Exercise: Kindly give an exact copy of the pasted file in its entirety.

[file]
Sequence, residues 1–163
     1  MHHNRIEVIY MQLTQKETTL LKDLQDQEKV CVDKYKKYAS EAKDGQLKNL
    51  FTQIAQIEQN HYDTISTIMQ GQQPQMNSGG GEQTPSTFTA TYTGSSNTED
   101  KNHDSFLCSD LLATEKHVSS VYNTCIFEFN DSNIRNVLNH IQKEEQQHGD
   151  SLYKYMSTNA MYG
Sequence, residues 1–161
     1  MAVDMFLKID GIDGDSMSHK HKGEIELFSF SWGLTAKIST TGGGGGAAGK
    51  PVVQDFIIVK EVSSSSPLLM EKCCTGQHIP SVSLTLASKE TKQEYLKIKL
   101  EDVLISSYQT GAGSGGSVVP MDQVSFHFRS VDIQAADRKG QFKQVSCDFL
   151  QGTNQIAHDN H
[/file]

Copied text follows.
Sequence, residues 1–163
     1  MHHNRIEVIY MQLTQKETTL LKDLQDQEKV CVDKYKKYAS EAKDGQLKNL
    51  FTQIAQIEQN HYDTISTIMQ GQQPQMNSGG GEQTPSTFTA TYTGSSNTED
   101  KNHDSFLCSD LLATEKHVSS VYNTCIFEFN DSNIRNVLNH IQKEEQQHGD
   151  SLYKYMSTNA MYG
Sequence, residues 1–161
     1  MAVDMFLKID GIDGDSMSHK HKGEIELFSF SWGLTAKIST TGGGGGAAGK
    51  PVVQDFIIVK EVSSSSPLLM EKCCTGQHIP SVSLTLASKE TKQEYLKIKL
   101  EDVLISSYQT GAGSGGSVVP MDQVSFHFRS VDIQAADRKG QFKQVSCDFL
   151  QGTNQIAHDN H